BEEF SATAY SKEWERS with Cheaters' Peanut Sauce


Quick and easy!  Perfectly al dente bucatini cloaked in a timeless tomato sauce, dishing up a little kick of heat, and simple medley of classic flavours.  Mangia tutti!

One of my fave weekly errands is to hit Valoroso, one of the Okanagan's best Italian deli-grocery stores, to gather all the right ingredients to concoct some particular Tuscan, Roman, Calabrian, or other regional Italian dish, that has been stoking up my cravings.

And not only cravings to devour, but cravings to cook, make or bake. 

I think that's one of the most fun things about food from the various regions of Italy, the making of.  Granted, we often cannot get completely traditional making these types of classic dishes, as the perfect ingredients are not easily available. But we can get close enough to close our eyes, savour and imagine how seductive the real deal would be. 

That's just what I did with Bucatini all'Amatriciana.  I think this is a pretty darn good variation of the traditional.  Good enough to keep it near of the top of my must-have list, for my next Italian escape.  (Says she, as a big, big, warm, daydreamy, soft smile spreads across her face.)

Amatriciana sauce is a traditional Italian pasta sauce based on guanciale (cured pork cheek), pecorino cheese, tomato and in some variations, onion.   Originating from the town of Amatrice (in the mountainous Province of Riete of Lazio region), the Amatriciana is one of the best known pasta sauces in Roman and Italian cuisine.  The Italian government has named it a traditional agro-alimentary product of Lazio.  Cool!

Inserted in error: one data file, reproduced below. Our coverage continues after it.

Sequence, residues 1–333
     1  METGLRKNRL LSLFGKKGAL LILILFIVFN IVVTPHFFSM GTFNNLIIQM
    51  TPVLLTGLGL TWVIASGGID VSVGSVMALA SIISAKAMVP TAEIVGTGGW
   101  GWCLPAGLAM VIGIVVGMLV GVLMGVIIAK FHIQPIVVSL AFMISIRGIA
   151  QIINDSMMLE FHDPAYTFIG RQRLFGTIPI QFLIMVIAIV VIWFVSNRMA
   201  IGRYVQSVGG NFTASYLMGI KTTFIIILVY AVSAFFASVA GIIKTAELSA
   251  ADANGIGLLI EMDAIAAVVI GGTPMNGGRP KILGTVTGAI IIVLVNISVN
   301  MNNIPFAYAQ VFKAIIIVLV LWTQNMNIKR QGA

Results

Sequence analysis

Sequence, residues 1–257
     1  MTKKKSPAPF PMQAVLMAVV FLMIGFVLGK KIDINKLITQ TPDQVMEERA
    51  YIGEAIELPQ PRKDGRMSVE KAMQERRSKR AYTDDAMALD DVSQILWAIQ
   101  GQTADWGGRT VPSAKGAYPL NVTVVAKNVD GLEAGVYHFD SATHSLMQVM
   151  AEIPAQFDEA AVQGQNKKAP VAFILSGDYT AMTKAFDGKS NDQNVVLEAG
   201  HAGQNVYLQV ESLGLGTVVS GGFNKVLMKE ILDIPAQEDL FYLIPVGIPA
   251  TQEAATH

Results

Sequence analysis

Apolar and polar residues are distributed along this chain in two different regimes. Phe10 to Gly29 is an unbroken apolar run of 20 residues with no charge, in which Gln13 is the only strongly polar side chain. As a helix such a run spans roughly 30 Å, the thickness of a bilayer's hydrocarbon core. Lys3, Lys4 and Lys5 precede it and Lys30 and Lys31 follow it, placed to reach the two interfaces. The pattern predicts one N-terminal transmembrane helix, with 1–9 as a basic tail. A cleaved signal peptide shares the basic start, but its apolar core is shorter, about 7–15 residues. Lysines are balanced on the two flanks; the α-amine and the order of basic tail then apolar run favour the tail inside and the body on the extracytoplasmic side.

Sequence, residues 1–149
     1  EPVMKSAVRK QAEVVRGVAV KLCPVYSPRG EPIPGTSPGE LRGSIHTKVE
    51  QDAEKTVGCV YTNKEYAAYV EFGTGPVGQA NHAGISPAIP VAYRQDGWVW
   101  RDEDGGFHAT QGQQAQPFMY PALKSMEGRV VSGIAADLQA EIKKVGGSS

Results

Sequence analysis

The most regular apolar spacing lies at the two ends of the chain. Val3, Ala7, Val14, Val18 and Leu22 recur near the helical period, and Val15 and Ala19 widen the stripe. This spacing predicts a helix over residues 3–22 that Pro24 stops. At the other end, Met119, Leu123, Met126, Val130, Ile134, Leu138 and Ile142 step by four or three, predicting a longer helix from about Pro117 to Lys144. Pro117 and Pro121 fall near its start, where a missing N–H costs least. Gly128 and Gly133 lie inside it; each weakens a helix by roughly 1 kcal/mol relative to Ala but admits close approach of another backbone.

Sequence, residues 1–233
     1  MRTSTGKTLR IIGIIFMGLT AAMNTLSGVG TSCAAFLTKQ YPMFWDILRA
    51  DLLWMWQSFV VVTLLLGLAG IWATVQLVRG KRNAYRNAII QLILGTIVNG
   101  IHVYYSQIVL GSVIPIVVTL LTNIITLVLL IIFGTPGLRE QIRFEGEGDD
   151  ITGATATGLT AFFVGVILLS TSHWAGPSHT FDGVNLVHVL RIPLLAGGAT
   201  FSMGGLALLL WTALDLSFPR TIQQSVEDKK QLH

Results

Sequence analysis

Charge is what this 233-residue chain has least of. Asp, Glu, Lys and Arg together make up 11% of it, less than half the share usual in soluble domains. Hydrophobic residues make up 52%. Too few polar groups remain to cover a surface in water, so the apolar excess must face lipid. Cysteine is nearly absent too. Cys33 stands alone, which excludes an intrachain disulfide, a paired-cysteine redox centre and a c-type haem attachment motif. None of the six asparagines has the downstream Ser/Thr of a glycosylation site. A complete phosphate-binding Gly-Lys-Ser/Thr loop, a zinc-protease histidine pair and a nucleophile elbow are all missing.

I couldn't get my hot little hands on guanciale, but in researching found that pancetta is a most suitable substitution.

I changed a few things, but mostly followed the recipe posted by Daniel Gritzer on Serious Eats.  Daniel states: "Debate rages over the correct way to make a classic Roman amatriciana sauce of cured pork and tomatoes.  We tested all the variables to come up with this ideal version, which packs a delicate heat, gentle black pepper spice, sharp Pecorino Romano cheese, and the intriguing interplay of sweet-tart tomato sauce and rich, fatty cured pork."

To that I say, 'Grazie!'.


* * * * * * * * * * * * * * * * * * * * *


2 tablespoons extra virgin olive oil
6 ounces guanciale, or pancetta, cut into slices about 1/4-inch thick, then small diced
2 good pinches dried red pepper flakes
1/3 cup dry white wine
1, 15-20 ounce can whole peeled tomatoes, preferably San Marzano, crushed by hand
Sea salt flakes and freshly ground black pepper
1 pound Italian dried bucatini pasta
1/2 cup grated Pecorino Romano cheese, plus more for serving

In a large skillet, heat olive oil over medium-high heat until shimmering.  Add guanciale or pancetta and cook, stirring, until lightly browned, about 3-4 minutes.  Add red pepper flakes.  Stir and cook another minute.  Add wine and cook, scraping up any browned bits on bottom of pan, until nearly evaporated, about 2-3 minutes.

Add tomatoes and bring to a simmer.  Season with salt, and generously with pepper.

Meanwhile, boil pasta in salted water until just shy of al dente, about 1 minute less than package recommends.  Using tongs, transfer pasta to sauce, along with 1/4 cup pasta cooking water.  Cook over high heat, stirring and tossing rapidly, until pasta is al dente and sauce has thickened and begins to coat noodles.  Remove from heat, add cheese and toss quickly to incorporate.  Season to taste with more salt and pepper.  Serve right away, passing more cheese at the table. Mmm....

* * * * * * * * * * * * * * * * * * * * *